North Korea`s intermediate-range missile believed to be the Musudan missile (Yonhap News)
North Korea has loaded two intermediate-range missiles onto mobile launchers and hidden them in an unidentified facility near the east coast, Seoul military sources said Friday, triggering speculation that the North is ready for an abrupt missile launch.
Earlier this week, the communist state had moved the "Musudan" medium-range missiles to its east coast, prompting the United States to send its advanced missile defense system to its base on the Pacific Ocean island of Guam.
South Korea has also sent its Aegis destroyers equipped with advanced radar systems to the East and West Seas.
South Korean and U.S. intelligence officials have been closely monitoring the North Korean facility believed to contain the Musudan missiles on the TELs (transporter-erector-launcher). The missile can fly 3,000-4,000 kilometers and is capable of hitting the U.S. base in Guam in the Pacific Ocean.
"Early this week, the North has moved two Musudan missiles on the train and placed them on mobile launchers," a senior military official familiar with the knowledge of the matter said.
The North's concealing the missiles atop the mobile launcher platform is seen as an attempt to launch missiles in a surprise move, the official said, noting it was not clear whether the move is for a test firing or military drills.
The isolated communist nation has not yet conducted a test firing of the Musudan missile, which was first revealed to the international community in October 2010 during a military parade in Pyongyang.
On Thursday, CNN reported classified images and communications intercepts showing that North Korea has moved two mobile missiles, launchers and fuel tanks to its east coast, citing an anonymous American official.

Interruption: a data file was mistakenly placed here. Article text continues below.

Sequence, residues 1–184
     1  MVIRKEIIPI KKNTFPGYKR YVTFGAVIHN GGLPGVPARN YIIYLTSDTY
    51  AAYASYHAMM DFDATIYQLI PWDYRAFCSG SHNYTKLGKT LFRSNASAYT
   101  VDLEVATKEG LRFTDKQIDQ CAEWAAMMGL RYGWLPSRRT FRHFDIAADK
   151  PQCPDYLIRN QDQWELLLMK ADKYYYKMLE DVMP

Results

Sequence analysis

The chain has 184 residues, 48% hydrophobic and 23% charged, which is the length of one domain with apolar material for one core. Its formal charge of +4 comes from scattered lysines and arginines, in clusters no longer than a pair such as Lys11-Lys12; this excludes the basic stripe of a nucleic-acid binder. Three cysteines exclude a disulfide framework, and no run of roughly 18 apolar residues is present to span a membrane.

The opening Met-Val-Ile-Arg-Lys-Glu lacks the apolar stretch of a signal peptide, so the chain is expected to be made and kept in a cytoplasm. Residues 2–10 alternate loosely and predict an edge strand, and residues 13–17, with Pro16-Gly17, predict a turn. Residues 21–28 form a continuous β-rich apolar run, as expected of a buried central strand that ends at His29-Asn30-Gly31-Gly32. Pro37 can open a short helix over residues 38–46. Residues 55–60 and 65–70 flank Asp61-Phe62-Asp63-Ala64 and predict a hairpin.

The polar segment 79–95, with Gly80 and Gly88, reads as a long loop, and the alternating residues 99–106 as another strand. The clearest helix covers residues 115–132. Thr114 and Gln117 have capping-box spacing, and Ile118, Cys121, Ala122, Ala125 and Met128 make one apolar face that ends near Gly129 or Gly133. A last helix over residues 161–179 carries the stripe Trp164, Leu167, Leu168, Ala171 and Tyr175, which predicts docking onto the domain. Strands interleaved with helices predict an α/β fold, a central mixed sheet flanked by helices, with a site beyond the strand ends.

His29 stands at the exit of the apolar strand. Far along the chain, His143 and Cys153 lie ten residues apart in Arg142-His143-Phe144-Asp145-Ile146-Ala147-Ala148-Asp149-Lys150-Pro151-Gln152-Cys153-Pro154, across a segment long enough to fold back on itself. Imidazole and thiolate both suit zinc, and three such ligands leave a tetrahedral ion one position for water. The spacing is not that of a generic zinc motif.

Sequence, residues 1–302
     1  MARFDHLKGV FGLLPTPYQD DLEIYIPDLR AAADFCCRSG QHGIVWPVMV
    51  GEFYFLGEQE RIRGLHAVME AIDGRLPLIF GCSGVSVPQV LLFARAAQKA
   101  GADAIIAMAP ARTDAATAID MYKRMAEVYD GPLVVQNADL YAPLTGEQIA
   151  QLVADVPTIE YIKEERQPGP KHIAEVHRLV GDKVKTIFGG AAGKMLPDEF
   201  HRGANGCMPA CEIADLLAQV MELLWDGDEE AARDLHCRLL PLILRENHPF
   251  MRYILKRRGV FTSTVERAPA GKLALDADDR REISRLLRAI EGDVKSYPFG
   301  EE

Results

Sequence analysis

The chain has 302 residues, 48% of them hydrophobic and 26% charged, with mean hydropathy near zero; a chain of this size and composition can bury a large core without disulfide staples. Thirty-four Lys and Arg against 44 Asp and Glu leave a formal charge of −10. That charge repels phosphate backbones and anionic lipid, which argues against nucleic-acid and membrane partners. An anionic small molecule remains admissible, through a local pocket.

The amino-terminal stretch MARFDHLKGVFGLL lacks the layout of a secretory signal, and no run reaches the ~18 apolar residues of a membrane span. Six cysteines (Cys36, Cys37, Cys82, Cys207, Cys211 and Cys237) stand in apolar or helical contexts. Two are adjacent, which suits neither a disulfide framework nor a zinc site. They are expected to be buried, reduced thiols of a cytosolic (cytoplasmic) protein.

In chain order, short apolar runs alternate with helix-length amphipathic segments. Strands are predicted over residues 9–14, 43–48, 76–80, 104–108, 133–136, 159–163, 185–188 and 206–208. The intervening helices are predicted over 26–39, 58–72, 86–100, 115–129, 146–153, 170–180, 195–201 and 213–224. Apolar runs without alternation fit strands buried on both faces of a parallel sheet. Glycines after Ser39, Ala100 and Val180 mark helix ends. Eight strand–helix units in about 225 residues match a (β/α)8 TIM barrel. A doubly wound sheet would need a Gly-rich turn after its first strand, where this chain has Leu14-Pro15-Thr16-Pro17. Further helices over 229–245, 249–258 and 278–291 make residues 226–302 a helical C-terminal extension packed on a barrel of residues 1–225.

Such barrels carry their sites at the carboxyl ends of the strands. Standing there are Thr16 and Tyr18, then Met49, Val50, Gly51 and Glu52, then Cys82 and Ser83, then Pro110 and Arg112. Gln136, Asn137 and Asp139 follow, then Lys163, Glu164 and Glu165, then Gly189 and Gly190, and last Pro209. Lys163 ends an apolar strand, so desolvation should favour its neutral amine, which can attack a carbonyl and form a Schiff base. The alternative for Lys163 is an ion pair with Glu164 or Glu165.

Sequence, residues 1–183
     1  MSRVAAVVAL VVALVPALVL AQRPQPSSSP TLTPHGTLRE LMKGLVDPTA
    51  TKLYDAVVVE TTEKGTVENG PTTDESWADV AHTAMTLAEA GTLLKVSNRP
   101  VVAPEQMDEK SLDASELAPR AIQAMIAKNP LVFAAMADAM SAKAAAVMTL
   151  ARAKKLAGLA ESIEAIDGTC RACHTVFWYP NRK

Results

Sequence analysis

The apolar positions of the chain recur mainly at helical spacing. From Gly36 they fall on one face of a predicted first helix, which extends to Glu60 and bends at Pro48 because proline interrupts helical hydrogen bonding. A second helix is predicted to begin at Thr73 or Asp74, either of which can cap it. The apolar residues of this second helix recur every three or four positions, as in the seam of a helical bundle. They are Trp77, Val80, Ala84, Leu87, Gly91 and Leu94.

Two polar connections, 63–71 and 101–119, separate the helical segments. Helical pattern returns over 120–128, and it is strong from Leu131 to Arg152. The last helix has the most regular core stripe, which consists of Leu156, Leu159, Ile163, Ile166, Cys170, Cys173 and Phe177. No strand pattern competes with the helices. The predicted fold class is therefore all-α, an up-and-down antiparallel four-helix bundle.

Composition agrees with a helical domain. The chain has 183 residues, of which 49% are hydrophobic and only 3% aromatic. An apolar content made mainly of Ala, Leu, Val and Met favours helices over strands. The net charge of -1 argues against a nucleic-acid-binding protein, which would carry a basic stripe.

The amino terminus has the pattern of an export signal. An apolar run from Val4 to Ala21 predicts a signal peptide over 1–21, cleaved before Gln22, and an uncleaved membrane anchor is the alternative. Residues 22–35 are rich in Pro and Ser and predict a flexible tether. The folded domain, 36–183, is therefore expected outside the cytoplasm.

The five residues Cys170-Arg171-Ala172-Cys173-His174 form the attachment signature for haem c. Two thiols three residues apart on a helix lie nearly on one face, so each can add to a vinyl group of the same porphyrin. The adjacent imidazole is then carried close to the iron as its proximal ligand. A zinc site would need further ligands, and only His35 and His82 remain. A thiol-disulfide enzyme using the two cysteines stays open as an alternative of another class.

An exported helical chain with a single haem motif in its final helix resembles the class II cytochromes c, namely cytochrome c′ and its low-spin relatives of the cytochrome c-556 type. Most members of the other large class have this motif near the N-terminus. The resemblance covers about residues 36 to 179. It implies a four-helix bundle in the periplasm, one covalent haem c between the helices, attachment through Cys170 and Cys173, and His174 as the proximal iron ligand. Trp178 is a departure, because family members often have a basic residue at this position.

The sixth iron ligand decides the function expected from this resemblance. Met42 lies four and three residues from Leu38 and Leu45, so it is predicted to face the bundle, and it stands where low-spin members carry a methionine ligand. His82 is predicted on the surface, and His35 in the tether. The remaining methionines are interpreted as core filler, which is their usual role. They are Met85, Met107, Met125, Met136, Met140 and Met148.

In response to the North's military move, South Korea has sent two Aegis destroyers equipped with advanced radar systems to both of its coasts, Navy officials said.
The 7,600-ton Aegis destroyers with SPY-1 radar, which can track hundreds of targets as far as 1,000 kilometers away, have been on standby on the east and west coasts of the Korean Peninsula to track missile launches by Pyongyang, according to a senior Navy official.
"If the North fires off a missile, we will trace its trajectory," the official said asking for anonymity citing confidential information.
The South Korean military is also operating the ground-based missile defense radar system Green Pine, and the early warning aircraft Peace Eye under stepped up military readiness status to prepare for a potential rocket launch, according to the officials.
"We are closely monitoring North Korea's missile preparations, but it is not yet clear when and where it will fire off a missile,"
defense ministry spokesman Kim Min-seok said in a briefing. "We will step up our military posture if the North's missile affects us."
In response to media reports that the North may plan to launch a missile in the coming days or weeks, Kim said Pyongyang could pick a launching day it deems "meaningful," without elaboration.
Outside observers see a high chance that Pyongyang may launch the missile in mid-April to celebrate the April 15 birthday of Kim Il-sung, the communist nation's late founder and the young leader Kim Jong-un's grandfather, in a move to bolster the regime's grip on power.
Meanwhile, the defense ministry has dispatched a team of inspectors to the front-line island of Yeonpyeong to look into the border crossing by a North Korean defector across the tensely guarded western sea border.
The 28-year-old defector, who was living in the South, slipped through radar monitoring on Wednesday night to sail across the maritime border in the Yellow Sea, sparking security concerns at a time of military tensions with the North.
"Investigations are currently underway," Kim said. "After the inspection, we'll figure out what kind of additional measures are needed" to strengthen border security. (Yonhap)